1. The AMT is a tough one, but doesn’t really start hitting until after making $150,000 or thereabouts. With $150k you can bring your AGI down to around $100k or less and AMT will be minimal if nothing. It’s case by case.

      $200k is my ideal income for Max happiness. Much more and the government starts getting you and deductions start getting phased out.

  47. A quick note on German taxes, it’s based generally on family income, so my wife earning 6 figures takes home approx 64%, of I worked I would lose over half of it. A single person usually loses around 50% to tax.

    Secondly while Germany is hurting due to an ageing population (mostly on healthcare), overall it’s doing very well, everyone and their brother from Spain is moving here.

    Very odd but Germans are a nation of renters, not unusual to meet people who’ve rented the same place their whole life.

    1. Best to get married then it sounds like! In the US we have a marriage Penalty tax. It’s crazy.

      Interesting insight on renters vs owners. Might want to check that to corroborate. In US about 62% own.

  48. S-Corp does seem better to save on the 12% in payroll taxes. Just gotta pay yourself a reasonable amount though. I wonder why entrepreneurs can’t get unemployment benefits…. or can they.

  49. Make the move Marvin! I definitely plan to no longer feed as much to the beast as possible. It feels great not working anymore and being able to finally enjoy some of my contributions.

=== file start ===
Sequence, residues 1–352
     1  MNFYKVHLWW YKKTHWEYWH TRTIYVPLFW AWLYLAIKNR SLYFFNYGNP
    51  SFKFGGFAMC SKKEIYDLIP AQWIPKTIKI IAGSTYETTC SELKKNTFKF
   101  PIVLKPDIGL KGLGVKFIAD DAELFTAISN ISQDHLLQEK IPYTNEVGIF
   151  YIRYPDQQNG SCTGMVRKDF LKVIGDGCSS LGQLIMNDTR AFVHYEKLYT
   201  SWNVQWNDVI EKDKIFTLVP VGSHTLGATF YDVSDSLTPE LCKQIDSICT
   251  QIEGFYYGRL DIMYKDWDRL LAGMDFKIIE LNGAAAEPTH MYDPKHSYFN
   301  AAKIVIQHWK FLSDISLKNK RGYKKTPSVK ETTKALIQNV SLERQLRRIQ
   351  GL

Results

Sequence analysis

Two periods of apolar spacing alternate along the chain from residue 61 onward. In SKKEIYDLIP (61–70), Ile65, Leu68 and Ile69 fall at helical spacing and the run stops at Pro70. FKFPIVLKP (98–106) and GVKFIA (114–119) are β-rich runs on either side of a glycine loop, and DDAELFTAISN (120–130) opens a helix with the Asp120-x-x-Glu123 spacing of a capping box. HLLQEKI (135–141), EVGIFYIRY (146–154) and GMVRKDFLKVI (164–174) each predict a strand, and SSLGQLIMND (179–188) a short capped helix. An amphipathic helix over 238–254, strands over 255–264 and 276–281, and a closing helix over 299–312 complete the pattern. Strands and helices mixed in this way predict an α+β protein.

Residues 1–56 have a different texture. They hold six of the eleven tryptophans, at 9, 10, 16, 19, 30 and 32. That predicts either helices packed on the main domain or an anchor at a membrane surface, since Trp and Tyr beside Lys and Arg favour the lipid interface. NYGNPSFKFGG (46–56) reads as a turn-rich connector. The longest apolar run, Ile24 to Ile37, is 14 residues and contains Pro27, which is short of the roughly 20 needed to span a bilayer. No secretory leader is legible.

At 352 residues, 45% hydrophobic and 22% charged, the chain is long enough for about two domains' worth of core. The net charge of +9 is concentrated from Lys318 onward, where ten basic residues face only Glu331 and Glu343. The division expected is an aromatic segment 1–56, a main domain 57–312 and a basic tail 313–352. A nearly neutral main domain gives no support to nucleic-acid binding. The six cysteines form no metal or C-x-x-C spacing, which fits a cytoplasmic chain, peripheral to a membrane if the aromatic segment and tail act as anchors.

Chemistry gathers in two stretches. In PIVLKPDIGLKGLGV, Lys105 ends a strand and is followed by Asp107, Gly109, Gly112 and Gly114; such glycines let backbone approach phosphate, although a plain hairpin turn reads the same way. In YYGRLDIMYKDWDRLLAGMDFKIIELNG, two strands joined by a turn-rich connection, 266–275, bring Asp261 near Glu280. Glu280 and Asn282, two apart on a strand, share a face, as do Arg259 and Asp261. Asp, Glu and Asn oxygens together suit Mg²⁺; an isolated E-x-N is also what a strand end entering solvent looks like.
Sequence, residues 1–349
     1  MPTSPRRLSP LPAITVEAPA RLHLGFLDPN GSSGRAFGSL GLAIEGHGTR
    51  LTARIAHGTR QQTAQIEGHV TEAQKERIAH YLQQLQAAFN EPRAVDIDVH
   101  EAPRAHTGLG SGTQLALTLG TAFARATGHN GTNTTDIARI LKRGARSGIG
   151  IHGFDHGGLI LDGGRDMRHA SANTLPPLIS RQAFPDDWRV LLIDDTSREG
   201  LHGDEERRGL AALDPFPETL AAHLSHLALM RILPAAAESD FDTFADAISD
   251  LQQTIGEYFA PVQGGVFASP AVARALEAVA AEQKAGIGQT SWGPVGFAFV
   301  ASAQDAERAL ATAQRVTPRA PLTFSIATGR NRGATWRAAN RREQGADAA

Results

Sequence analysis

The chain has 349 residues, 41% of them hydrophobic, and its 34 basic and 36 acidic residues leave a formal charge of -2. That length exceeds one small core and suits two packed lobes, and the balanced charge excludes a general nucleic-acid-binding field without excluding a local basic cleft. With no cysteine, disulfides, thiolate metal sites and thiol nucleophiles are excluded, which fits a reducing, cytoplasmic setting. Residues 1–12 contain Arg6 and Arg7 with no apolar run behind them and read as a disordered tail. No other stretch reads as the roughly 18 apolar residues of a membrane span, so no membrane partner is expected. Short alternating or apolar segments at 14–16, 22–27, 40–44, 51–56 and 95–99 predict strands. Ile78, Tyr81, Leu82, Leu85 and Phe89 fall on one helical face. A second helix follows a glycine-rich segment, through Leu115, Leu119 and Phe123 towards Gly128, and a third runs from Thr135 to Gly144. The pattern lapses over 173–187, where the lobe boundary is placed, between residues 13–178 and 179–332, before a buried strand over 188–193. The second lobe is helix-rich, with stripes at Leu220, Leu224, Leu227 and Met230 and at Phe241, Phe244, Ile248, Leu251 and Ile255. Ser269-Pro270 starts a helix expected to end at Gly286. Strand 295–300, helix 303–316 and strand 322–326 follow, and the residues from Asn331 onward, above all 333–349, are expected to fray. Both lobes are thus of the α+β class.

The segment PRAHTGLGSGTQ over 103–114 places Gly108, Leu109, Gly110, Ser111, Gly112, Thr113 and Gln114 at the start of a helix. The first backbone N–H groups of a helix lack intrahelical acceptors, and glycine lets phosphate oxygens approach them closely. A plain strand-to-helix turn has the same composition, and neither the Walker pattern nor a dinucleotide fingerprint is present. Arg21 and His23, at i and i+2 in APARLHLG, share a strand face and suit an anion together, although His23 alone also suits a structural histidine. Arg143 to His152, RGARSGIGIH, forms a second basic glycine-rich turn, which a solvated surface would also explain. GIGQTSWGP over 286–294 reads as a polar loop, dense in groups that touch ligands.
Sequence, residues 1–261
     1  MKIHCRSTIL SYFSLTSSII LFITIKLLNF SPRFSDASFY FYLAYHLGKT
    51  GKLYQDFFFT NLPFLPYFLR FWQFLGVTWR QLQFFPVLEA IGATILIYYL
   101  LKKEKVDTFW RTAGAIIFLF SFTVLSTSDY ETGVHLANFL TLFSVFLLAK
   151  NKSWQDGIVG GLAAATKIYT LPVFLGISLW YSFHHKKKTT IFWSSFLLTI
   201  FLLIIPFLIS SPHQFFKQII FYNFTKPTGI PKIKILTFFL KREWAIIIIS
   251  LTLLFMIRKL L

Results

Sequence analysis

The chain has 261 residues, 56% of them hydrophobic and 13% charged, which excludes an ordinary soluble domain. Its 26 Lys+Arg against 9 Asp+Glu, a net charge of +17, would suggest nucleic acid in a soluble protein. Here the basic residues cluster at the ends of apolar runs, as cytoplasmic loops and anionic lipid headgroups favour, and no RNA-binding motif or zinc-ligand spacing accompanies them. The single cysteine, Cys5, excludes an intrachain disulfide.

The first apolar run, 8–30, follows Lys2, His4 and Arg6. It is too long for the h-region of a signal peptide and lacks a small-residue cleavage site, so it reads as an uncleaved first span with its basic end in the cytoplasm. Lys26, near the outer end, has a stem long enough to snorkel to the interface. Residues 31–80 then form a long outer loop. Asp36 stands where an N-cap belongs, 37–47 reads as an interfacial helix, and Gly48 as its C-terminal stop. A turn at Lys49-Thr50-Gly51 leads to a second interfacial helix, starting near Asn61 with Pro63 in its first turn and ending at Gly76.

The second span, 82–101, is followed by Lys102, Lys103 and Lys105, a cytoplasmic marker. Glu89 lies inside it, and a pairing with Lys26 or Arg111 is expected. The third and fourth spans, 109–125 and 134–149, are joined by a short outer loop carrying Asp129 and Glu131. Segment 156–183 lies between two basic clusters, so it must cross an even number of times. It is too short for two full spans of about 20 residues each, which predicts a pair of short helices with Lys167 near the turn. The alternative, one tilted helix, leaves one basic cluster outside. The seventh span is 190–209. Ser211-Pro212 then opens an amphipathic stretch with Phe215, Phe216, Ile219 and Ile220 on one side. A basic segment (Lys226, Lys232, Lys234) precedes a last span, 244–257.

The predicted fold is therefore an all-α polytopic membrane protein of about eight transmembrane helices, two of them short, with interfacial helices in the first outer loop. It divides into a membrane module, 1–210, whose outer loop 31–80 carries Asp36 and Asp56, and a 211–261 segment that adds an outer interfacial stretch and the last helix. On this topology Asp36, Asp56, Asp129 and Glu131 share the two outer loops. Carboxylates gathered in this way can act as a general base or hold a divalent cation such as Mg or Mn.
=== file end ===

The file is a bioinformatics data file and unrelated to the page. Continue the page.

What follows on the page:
50. It seems the only way to do this is to own property. But I also imagine that owning property is more expensive than renting. Even though you’re saving on the tax deductions, you’re still saving on “interest” that is money you are losing to the bank. The business concept makes more sense, albeit requiring a lot of time. I make about $110k a year right now, s/o makes $0, so I don’t know if this would be a valuable exercise for me. I’m considering buying a condo right now and don’t fully understand the cost benefits versus renting, so need to do my research. Everyone says that the tax benefit of owning is so great but I try to do the math and it just doesn’t add up.

    1. Depends on where you are. It would literally cost 2X more to rent my house now that the interest and property tax I’m paying. Of course, I bought my house years ago. In SF, the breakeven is about 2.5 years. In many other places, it’s cheaper to own.